On 16 September, the World Bank Group announced that it will discontinue its Doing Business Report (DRB, see Observer Winter 2019). The end of the report is a significant victory for civil society, popular movements and academics who have long criticised the report on many fronts, including its methodology (see Observer Autumn 2020; Update Autumn 2013). However, the celebration will be tempered for some by the Bank’s assertion in its announcement of the report’s discontinuation that it, “remains firmly committed to advancing the role of the private sector in development and providing support to governments to design the regulatory environment that supports this.”
The Bank made the announcement hours after the executive board authorised the release of the damning findings of an independent report, Investigation of Data Irregularities in Doing Business 2018 and 2020, conducted by law firm WilmerHale, at the request of the Bank’s ethics committee in response to allegations that the DBR’s data had been manipulated.
As reported by The New York Times, the investigation highlights a series of extremely serious issues with the DBR and the conduct of senior management, including the Bank’s former President Jim Yong Kim and then World Bank CEO and current IMF Managing Director Kristalina Georgieva. The investigation maintains that the management interfered with the report’s methodology to appease the Chinese government during the Bank’s capital increase negotiations in 2018 (see Observer Summer 2018). The report contains similar accusations of data manipulation in 2020 to improve Saudi Arabia’s standing in the Bank’s Ease of Doing Business Rankings by one of the DBR’s co-founders, Simeon Djankov. The investigation is also highly critical of the “toxic work culture” at the institution, including fear of retaliation within the Doing Business team and a lack of “consistent policies” guiding the production of the DBR.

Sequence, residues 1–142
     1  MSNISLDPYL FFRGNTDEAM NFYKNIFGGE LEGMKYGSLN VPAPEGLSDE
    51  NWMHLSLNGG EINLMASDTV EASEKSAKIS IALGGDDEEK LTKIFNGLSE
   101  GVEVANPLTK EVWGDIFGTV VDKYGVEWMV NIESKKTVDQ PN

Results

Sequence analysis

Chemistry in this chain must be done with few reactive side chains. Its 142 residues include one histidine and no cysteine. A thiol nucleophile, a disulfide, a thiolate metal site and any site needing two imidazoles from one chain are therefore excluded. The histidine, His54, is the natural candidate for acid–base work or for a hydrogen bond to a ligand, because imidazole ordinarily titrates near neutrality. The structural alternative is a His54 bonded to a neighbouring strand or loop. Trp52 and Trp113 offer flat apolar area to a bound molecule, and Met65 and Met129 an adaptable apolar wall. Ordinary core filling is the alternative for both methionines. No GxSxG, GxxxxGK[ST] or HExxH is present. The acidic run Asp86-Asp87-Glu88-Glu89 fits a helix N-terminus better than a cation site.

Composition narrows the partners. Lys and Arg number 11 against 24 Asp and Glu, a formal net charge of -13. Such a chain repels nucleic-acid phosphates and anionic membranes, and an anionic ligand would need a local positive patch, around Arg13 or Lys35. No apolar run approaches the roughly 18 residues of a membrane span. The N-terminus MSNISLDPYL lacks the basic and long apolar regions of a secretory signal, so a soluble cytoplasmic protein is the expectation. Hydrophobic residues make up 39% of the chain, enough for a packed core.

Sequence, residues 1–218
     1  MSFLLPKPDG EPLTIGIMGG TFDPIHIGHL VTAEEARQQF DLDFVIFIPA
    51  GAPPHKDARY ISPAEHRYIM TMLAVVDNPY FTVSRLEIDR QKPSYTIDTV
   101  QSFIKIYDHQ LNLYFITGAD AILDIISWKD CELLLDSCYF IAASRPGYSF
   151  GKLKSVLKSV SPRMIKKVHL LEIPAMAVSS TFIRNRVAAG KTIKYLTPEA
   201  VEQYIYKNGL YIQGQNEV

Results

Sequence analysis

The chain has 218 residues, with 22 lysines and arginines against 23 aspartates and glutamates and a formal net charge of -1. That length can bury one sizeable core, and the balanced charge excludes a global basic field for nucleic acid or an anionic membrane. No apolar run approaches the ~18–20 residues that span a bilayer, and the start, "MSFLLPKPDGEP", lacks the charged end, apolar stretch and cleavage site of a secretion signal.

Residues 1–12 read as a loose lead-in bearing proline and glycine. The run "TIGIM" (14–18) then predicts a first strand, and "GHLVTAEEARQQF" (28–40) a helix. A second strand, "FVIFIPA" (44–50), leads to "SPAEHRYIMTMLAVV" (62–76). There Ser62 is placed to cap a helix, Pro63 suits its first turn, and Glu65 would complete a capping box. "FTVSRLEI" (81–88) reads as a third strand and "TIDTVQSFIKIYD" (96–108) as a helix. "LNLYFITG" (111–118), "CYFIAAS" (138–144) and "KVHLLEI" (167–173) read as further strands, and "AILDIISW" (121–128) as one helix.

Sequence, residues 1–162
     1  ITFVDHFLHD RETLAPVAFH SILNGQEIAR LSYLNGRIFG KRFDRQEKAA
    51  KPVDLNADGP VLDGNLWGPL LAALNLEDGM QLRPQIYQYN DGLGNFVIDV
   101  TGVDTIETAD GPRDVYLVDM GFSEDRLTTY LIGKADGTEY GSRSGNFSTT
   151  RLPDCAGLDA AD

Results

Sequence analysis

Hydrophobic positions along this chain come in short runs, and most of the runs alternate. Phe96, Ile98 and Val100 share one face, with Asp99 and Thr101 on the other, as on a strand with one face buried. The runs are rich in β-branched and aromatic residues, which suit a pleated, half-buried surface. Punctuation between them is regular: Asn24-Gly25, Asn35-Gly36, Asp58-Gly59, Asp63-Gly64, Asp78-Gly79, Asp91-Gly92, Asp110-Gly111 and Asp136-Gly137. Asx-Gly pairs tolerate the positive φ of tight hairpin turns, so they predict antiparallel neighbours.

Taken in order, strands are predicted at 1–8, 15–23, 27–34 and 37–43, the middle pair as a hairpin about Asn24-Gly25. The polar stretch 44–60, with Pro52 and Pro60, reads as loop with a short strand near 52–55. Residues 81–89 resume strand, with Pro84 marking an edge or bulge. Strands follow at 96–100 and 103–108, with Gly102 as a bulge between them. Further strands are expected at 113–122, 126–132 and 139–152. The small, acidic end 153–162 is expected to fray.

These serious accusations bring to light once again the troubling findings of the 2006 independent evaluation of World Bank research, known as the Deaton report, which found that, among other things, “the Bank proselytised selected new work in major policy speeches and publications, without appropriate caveats on its reliability” (see Update 54).